Virginia Murillo is not against development and neighborhood improvements — she just wants them to benefit the community.
Murillo, owner of Straight Edge by Virginia barbershop, is among a group of business owners and residents pushing back against what they consider gentrification in their neighborhood.
Although she wants the neighborhood to grow, Murillo, 44, said she has concerns about the impact on local business.
“Depending on how the apartments are going to be, are they going to affect any business? Are they going to have to knock any businesses down to open or you know, do an entryway for them?” Murillo said. “We already have issues; they made Hemphill Street two-way … So now with the apartments, is it going to be worse?”
The land where the development is planned is vacant, and the developers will not tear anything down, which Daniel Smith, vice president of investments at Ojala Partners said is part of the reason the company chose that land.
Murillo said she also has concerns that the complex will target those with a higher income than many of the neighborhood residents have and questions whether the project will improve the neighborhood, she said.
Zoning commission presentation from Ojala Holdings
The development, called Tobias Place, will be a mix of one- to three-bedroom units with 90% reserved for people who earn 60% below the area’s median income, which is about $43,000, according to a presentation from the company given to the zoning commission.
According to the presentation, there are no businesses or homes in the 11 acres of land planned for the apartments. If approved, the land rezoned would be on the southeast corner of Hemphill Street and Biddison Street.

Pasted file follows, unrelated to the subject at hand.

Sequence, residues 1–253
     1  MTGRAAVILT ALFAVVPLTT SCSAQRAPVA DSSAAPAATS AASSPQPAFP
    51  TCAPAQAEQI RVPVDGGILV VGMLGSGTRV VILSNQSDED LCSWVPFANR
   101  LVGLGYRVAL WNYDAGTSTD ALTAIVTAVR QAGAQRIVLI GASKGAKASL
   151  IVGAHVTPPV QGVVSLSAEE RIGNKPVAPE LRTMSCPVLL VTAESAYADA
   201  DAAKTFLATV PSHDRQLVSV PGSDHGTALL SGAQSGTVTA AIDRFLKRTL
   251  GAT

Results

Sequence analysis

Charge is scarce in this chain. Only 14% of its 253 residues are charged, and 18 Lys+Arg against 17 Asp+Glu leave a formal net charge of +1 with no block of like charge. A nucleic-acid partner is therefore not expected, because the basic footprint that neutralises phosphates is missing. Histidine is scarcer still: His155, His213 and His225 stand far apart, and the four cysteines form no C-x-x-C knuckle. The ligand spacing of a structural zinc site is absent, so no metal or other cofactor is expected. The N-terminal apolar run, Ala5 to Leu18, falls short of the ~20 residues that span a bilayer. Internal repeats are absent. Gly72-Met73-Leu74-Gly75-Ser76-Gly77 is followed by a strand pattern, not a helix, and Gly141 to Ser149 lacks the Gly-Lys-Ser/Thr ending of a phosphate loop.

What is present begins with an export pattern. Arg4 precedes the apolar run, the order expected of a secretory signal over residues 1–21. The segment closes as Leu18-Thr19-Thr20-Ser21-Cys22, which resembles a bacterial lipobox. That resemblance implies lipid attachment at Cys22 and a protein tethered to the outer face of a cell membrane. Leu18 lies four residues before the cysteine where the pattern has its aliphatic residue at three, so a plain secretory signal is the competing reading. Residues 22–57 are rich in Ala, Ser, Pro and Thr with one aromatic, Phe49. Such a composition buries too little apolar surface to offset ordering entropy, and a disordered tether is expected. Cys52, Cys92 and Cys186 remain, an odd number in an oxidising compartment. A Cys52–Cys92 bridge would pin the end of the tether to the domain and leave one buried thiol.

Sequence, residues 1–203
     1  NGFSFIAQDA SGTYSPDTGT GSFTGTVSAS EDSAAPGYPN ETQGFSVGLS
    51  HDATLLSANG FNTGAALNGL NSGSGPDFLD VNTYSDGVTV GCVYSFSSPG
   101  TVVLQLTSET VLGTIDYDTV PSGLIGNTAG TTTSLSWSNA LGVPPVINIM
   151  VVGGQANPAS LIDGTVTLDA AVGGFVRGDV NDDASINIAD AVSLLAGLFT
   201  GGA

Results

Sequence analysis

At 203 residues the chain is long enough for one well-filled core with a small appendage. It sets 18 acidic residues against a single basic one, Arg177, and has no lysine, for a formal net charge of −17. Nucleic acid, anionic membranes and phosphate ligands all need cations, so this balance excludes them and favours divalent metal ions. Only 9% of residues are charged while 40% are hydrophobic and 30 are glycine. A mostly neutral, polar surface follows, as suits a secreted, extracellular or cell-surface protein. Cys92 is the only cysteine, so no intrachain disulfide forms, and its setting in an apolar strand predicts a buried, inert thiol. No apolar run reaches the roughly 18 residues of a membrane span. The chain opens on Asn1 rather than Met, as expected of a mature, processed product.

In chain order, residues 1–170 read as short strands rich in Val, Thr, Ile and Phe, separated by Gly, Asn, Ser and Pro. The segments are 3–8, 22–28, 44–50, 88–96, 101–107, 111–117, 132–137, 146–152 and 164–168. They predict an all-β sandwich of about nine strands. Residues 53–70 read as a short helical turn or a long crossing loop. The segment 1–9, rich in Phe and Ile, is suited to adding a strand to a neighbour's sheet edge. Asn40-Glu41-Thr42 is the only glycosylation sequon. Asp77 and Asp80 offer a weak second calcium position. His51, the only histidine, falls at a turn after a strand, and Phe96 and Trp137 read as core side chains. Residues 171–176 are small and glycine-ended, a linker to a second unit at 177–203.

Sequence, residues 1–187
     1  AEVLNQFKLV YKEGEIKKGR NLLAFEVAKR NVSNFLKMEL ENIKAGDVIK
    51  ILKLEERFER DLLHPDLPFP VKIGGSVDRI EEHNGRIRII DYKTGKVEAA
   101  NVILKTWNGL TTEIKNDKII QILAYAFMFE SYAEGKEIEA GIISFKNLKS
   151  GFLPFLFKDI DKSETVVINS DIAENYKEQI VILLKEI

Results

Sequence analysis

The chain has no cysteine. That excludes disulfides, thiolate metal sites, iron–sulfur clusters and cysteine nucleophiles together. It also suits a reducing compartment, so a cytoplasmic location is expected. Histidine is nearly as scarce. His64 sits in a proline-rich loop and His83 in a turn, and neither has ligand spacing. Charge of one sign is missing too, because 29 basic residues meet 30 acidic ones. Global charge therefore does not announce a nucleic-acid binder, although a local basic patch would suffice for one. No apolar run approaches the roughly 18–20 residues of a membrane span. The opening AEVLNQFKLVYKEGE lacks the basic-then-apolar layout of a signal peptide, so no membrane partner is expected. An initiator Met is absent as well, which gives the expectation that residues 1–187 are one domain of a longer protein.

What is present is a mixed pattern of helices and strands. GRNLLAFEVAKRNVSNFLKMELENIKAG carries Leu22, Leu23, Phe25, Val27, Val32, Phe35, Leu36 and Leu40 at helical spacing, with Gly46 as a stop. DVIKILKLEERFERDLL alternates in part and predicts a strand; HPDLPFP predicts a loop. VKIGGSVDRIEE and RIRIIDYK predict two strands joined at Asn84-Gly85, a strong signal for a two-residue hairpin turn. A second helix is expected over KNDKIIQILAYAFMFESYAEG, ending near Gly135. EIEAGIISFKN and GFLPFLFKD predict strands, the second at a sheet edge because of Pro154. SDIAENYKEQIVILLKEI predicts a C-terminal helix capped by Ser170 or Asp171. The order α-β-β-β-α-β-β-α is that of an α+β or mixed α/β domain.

District 9 Councilwoman Elizabeth Beck said the development wouldl help the community with affordable housing and will not lead to gentrification.
Rather, this kind of development will help Hemphill, she said.
2021 Point-in-Time Count Unsheltered data in FW by council district
5 – Gyna Bivens: 7
9 – Elizabeth Beck: 55
4 – Cary Moon: 37
2 – Carlos Flores: 28
8 – Chris Nettles: 214
3 – Michael D. Crain: 6
7 – Leonard Firestone: 1
6 – Jared Williams: 0
The area is experiencing homelessness in a way that’s starting to cause problems, Beck said. Affordable housing can help combat this.
The rent ranges from $400 to $1,000, which Beck said is a rate that’s unseen in an area where housing prices are rising.
Ojala has experience in other housing projects, and Beck said the project can help handle homelessness in the community.
“They understand that homelessness is an issue in our corridor,” Beck said. “And so that means that the potential that a homeless person may wander onto the property — or being in the periphery of the property — instead of calling the police or just shooing them away, they are already talking about working with their partners to provide those people with resources to get them help.”
Last year, the company partnered with Fort Worth Housing Solutions to purchase Casa de Esperanza apartments, which is housing for homeless people displaced because of the COVID-19 pandemic, Smith said.
State of the Homeless Tarrant and Parker Counties
In the past 10 years, the company has built or developed over $1 billion in mixed-income housing, Smith said.
“Whenever we first started on our site selection process, we wanted to remain extremely sensitive to the gentrification concerns in the area,” he said. “And, as such, that’s why we picked this tract, because we’re not demolishing any existing structures, we’re not relocating any Latino businesses.”